Reduced REM sleep: a potential biomarker for epilepsy – a retrospective case-control study


      • Determining a correct diagnosis in individuals with suspected epilepsy is challenging, if seizures and epileptic discharges are not recorded
      • Our aim was to assess whether the percentage of REM sleep (REM%) could discriminate between individuals with epilepsy and with differential diagnoses
      • We performed a retrospective, monocentric study with 128 individuals admitted to the EMU for diagnostic purposes
      • We found that REM% was significantly lower in individuals with the diagnosis of epilepsy and had a good predictive performance
      • Reduced REM% could be a supplementary biomarker for epilepsy in challenging diagnostic settings



      Establishing the diagnosis of epilepsy can be challenging if interictal epileptic discharges (IEDs) or seizures are undetectable. Many individuals with epilepsy experience sleep disturbances. A reduced percentage of REM sleep (REM%) has been observed following seizures. We aimed to assess differences of REM% in individuals with epilepsy in comparison with differential diagnoses.


      We performed a retrospective, monocentric, two-armed case-control study with 128 age-matched individuals who underwent ≥72 hours of continuous video-EEG monitoring at our epilepsy monitoring unit (EMU) for diagnostic evaluation. We assessed REM% on the first and last night of EMU admission. Logistic regressions models were used to evaluate the predictive value of REM%.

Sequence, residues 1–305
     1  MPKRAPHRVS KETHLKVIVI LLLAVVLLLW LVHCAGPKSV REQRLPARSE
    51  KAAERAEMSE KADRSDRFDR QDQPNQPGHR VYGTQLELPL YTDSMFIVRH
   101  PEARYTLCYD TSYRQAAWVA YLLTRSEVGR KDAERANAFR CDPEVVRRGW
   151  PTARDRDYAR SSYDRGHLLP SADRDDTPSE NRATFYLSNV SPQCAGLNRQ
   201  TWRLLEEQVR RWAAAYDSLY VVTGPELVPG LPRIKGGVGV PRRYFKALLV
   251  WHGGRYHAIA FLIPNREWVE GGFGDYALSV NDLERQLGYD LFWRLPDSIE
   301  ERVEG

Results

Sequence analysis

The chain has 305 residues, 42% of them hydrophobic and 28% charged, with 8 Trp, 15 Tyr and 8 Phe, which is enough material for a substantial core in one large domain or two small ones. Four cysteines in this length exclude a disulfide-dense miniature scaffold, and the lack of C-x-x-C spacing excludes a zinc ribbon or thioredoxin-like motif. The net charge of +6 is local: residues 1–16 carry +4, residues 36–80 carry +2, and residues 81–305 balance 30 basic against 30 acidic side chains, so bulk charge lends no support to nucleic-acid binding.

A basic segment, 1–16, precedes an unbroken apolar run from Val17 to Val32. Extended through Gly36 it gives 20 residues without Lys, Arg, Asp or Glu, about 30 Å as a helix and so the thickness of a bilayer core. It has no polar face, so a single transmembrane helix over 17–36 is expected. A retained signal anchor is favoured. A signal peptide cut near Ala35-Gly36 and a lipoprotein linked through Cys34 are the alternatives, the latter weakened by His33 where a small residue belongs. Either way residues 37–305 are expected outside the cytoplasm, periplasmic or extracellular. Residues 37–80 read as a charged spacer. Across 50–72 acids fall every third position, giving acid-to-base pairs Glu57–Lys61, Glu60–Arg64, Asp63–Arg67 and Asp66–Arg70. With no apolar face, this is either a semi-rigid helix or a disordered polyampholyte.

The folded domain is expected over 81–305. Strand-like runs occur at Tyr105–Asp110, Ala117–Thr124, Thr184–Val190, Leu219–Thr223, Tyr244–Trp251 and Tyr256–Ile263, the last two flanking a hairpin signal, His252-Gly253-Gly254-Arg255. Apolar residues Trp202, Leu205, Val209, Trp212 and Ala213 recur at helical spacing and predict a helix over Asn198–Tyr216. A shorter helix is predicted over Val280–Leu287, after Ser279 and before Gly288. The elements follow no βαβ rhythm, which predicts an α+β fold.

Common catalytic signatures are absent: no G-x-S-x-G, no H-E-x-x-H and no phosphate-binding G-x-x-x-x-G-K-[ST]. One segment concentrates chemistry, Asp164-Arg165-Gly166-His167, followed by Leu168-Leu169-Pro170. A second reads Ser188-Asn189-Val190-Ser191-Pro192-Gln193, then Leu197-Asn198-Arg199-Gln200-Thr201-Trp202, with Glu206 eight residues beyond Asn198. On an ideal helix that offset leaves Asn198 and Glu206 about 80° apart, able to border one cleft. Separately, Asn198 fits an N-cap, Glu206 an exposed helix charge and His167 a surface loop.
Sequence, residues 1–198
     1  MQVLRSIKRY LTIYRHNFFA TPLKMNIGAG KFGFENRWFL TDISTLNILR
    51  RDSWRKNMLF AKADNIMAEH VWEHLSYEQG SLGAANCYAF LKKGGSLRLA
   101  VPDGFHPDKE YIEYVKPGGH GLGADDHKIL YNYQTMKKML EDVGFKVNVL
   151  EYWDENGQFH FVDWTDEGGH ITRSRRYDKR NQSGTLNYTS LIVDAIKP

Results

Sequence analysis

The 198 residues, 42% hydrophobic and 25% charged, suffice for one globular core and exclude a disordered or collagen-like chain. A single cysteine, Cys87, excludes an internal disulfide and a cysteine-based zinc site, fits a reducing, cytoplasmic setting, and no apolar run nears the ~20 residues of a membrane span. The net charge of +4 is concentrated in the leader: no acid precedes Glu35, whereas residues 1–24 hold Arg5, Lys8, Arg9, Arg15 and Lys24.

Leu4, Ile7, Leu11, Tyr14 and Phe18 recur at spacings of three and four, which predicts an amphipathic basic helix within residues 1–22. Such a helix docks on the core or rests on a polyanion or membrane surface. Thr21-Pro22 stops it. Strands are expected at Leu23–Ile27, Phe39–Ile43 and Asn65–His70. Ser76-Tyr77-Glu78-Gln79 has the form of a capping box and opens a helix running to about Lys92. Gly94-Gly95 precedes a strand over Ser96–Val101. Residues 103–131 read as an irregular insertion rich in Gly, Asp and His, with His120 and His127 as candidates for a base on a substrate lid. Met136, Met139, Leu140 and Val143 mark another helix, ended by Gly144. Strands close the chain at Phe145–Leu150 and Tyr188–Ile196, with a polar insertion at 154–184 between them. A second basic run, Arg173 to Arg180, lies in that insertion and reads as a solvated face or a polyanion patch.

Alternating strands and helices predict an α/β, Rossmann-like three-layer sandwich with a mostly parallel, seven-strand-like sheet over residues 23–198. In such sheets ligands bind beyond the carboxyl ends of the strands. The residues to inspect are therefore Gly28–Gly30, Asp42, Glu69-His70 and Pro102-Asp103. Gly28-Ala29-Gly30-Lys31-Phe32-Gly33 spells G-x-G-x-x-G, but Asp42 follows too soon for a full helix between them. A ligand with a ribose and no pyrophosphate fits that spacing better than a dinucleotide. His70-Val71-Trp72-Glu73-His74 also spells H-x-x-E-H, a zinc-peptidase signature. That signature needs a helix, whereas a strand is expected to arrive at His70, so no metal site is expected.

We included 64 individuals diagnosed with epilepsy and 64 with a differential diagnosis. REM% in the epilepsy group was significantly lower [12.2% (±4.7) vs. 17.2% (±5.2), p<0.001]. We found no significant influence of sex, age, anti-seizure, or other medications. A REM%-based and an IED and seizure-based regression model were not significantly different [area under the curve (AUC) 0.791 (95% confidence interval (CI): 0.713-0.870) vs. 0.853 (95% CI: 0.788-0.919), p=0.23]. A combined model, based on IEDs, seizures, and REM%, was superior to the IED model alone [0.933 (0.891-0.975), p<0.01].


      Our study shows significantly reduced REM% in individuals with epilepsy. REM%-based models show a good predictive performance. REM% assessment could improve diagnostic accuracy – especially for challenging cases, e.g., when IEDs or seizures are absent and patient history and semiology appear ambiguous. REM% as a biomarker should be evaluated in prospective, multicentric trials.


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